In a previous study, the phosphatase DEP-1/CD148 was found to play a role in the inhibitory effect of VEC on VEGR-2 signaling (Lampugnani et al., 2003). This phosphatase associates with VEC through its binding to β-catenin and p120 and, in this way, reduces VEGFR-2 phosphorylation (Lampugnani et al., 2003). We report that DEP-1/CD148 could prevent VEGFR-2 internalization along with the reduction of receptor phosphorylation and signaling. Therefore, it is possible that VEC, by retaining VEGFR-2 at the cell surface, allows its dephosphorylation by DEP-1/CD148, which, in turn, inhibits its internalization and signaling.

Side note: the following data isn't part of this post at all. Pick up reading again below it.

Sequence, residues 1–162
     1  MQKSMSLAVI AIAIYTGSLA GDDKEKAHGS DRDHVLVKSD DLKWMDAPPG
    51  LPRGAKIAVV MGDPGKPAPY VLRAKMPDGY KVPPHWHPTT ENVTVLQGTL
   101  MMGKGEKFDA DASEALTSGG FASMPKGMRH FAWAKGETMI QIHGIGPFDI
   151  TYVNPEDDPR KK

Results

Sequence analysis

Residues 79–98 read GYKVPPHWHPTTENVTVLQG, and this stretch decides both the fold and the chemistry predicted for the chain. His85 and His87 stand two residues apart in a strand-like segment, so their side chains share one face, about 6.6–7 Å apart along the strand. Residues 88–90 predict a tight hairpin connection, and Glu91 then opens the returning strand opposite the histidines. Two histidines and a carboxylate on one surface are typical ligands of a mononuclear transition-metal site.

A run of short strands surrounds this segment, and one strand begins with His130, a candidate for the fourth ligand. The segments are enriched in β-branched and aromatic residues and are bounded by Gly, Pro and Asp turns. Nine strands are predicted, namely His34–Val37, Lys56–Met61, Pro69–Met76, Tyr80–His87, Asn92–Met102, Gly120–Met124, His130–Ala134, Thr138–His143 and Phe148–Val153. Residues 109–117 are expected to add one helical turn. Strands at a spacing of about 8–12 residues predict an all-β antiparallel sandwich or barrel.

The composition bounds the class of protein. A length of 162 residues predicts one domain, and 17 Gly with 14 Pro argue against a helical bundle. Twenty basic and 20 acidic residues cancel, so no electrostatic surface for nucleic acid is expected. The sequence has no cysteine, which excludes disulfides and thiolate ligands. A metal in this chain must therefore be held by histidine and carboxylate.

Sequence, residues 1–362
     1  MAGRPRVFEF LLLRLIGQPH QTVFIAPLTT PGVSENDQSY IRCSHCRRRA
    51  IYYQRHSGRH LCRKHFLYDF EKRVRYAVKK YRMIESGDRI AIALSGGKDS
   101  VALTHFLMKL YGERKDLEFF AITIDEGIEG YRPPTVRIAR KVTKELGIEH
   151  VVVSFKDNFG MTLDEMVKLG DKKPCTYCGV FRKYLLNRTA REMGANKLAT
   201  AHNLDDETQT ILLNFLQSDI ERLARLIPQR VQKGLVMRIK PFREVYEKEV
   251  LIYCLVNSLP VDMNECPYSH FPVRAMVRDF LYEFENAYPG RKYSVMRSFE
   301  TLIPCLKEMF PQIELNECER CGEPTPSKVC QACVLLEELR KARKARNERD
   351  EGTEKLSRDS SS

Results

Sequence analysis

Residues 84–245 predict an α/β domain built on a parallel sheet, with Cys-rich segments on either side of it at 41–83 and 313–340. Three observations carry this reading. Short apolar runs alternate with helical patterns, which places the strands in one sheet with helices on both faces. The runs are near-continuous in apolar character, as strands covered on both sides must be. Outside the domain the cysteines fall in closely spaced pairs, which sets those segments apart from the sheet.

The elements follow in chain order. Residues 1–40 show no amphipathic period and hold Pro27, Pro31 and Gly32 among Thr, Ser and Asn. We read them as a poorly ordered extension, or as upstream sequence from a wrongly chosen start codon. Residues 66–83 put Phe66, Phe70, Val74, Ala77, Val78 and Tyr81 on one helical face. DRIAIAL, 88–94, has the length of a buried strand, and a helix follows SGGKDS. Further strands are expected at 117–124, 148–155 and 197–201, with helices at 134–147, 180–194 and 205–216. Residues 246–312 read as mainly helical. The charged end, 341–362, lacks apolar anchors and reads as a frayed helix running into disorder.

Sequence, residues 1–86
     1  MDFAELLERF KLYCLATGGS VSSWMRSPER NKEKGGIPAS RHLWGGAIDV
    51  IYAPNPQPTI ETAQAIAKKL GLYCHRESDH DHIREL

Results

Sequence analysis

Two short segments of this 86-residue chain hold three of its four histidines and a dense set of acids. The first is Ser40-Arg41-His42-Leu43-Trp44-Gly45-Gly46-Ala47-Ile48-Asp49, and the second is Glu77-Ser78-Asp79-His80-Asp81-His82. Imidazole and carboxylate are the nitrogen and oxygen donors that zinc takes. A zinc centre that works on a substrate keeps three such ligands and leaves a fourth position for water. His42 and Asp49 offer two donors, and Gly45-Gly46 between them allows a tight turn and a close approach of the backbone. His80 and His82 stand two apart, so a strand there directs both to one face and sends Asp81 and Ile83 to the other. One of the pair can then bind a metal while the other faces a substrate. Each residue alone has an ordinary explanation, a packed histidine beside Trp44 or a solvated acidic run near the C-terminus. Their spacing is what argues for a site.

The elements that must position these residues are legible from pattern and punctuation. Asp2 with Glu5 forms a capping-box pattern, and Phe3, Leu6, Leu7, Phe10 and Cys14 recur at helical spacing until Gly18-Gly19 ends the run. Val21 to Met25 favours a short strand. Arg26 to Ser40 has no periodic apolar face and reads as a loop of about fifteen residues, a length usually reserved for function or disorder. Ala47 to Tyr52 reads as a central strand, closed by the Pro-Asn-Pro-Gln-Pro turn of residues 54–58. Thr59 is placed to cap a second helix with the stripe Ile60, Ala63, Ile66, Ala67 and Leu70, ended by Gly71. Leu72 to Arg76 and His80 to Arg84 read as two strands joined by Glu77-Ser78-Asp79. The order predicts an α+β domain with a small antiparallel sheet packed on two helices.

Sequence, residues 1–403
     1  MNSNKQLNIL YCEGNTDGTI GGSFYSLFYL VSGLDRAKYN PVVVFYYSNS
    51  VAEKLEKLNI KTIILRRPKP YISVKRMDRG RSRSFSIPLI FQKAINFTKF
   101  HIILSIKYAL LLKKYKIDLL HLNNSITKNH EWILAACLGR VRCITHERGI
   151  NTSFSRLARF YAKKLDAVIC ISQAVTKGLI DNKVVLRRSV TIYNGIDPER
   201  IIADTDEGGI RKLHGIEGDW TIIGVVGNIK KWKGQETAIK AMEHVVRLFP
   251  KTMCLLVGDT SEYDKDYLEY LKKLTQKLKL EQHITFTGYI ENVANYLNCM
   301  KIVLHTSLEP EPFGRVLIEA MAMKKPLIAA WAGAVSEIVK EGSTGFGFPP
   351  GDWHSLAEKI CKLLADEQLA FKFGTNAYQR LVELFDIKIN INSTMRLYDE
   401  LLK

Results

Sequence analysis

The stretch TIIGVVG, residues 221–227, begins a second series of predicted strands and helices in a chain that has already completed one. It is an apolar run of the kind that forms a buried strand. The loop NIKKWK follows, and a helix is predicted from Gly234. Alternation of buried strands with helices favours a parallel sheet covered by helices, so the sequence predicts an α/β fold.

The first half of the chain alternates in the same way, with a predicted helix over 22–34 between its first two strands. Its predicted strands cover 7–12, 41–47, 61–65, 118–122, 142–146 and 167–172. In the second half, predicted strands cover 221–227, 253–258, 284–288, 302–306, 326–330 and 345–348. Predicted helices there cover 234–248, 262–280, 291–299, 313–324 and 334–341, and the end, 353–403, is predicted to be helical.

Besides VEC, VEGFR-2 was found to bind to integrins (Soldi et al., 1999). Another study reported that when cells are plated on collagen I, the phosphatase SHP2 can associate with VEGFR-2 and stimulate its internalization. SHP2 activates Src, which in turn activates dynamin II–dependent receptor internalization (Mitola et al., 2006). Interestingly, this phenomenon does not occur when cells are plated on vitronectin, and SHP2 does not bind to VEGFR-2 (Mitola et al., 2006). These observations suggest that the capacity of different adhesive proteins to complex with growth factor receptors and modulate their internalization and signaling may be a general paradigm. In this way, cells may modulate their growth and survival as a function of density and interaction with specific matrix proteins.